Hawk began writing mysteries for his school newspaper. His works of fiction, historical love stories, science fiction and mystery-thrillers are not genre-centered, but plot-character driven, and reflect his southwest upbringing in Arkansas, Texas and Oklahoma. Moccasin Trace, a historical novel nominated for the prestigious Michael Shaara Award for Excellence in Civil War Fiction and the Writers Notes Book Award, details the family bloodlines of his serial protagonist in the Craige Ingram Mystery Series… murder and mayhem with a touch of romance. Vault of Secrets, the first book in the Ingram series, was followed by Nymrod Resurrection, Blood and Gold, and The Lady of Corpsewood Manor. All have received national attention. Hawk’s latest release in the Ingram series is due out this fall with another mystery-thriller work out in 2014. The Bleikovat Event, the first volume in The Cairns of Sainctuarie science fiction series, was released in 2012.
"Without question, Hawk is one of the most gifted and imaginative writers I have had the pleasure to represent. His reading fans have something special to look forward to in the Craige Ingram Mystery Series. Intrigue, murder, deception and conspiracy--these are the things that take Hawk's main character, Navy ex-SEAL/part-time private investigator Craige Ingram, from his South Carolina ancestral home of Moccasin Hollow to the dirty backrooms of the nation's capital and across Europe and the Middle East."
Barbara Casey, President
Barbara Casey Literary Agency
Things I Liked:
I enjoyed a glimpse into everyday life in another century. We get to see the South both before and after the war. MacKinney carries readers to balls, masquerades, hunts, and other social events, even a honeymoon. We take a lot of things for granted today, but he showed how bad transportation was, and of course people couldn't listen to daily news to find out how the war was going. I was also interested in his description of the ladies' clothes. Making them by hand was much harder than going to the department store.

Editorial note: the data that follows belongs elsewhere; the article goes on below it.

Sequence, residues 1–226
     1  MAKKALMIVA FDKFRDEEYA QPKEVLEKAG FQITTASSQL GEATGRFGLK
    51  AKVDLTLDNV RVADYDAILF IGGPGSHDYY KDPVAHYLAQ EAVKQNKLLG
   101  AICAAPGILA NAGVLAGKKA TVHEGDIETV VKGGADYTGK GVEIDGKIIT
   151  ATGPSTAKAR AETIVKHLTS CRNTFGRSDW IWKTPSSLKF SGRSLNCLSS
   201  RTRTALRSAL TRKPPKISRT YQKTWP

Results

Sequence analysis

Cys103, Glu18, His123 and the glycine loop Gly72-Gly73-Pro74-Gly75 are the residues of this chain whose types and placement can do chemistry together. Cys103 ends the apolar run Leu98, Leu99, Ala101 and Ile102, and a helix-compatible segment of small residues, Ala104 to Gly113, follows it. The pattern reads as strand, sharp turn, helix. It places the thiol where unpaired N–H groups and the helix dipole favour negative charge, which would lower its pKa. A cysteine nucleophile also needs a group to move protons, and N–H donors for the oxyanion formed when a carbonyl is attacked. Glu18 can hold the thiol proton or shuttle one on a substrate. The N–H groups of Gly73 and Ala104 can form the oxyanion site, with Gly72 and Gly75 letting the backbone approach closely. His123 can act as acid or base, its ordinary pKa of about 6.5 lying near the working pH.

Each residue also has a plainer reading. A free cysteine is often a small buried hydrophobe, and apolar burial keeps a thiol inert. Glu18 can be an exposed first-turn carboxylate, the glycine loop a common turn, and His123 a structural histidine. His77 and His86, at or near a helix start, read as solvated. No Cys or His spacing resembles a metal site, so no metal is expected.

Some things don't change, though. People still love their families, hold political opinions, and try to be true to their principles.
I was interested in the characters' take on the war. They decided that slavery was not the real issue of the war, but it was a good excuse to rile people to action.
And speaking of slavery, I'm not sure what to think about that. One of the slaves said she loved the white children of her masters as much as she did her own son, and when her son ran away, the master didn't put out any runaway slave notices. I'm just not sure that's realistic in most cases.
A couple of things irritated me. The dialect slowed the book down for me, and since presumably the rich plantation owners were educated people, I found their vocabulary to be somewhat lacking. I also don't know how closely young ladies of wealthy families were chaperoned, but these characters had the freedom to sneak off and share intimacy before marriage.
Overall, though, I enjoyed this look into a vanished world and wouldn't hesitate to recommend it. This little snippet is a good example of what I'm talking about.
In the muggy morning bright sun Hamilton made his
way through the fragrance of steamy horse manure,
leaky turpentine kegs, open bales of mildewed cotton,
and the rankness of where dockhands and vagrants had
relieved themselves. The docks were one milling multitude
of shirtless, cussin’ teamsters off-loading cargo from
wagons onto several steamers, while a company of uniforms
boarded through one forward gangway.
Beautiful, isn't it?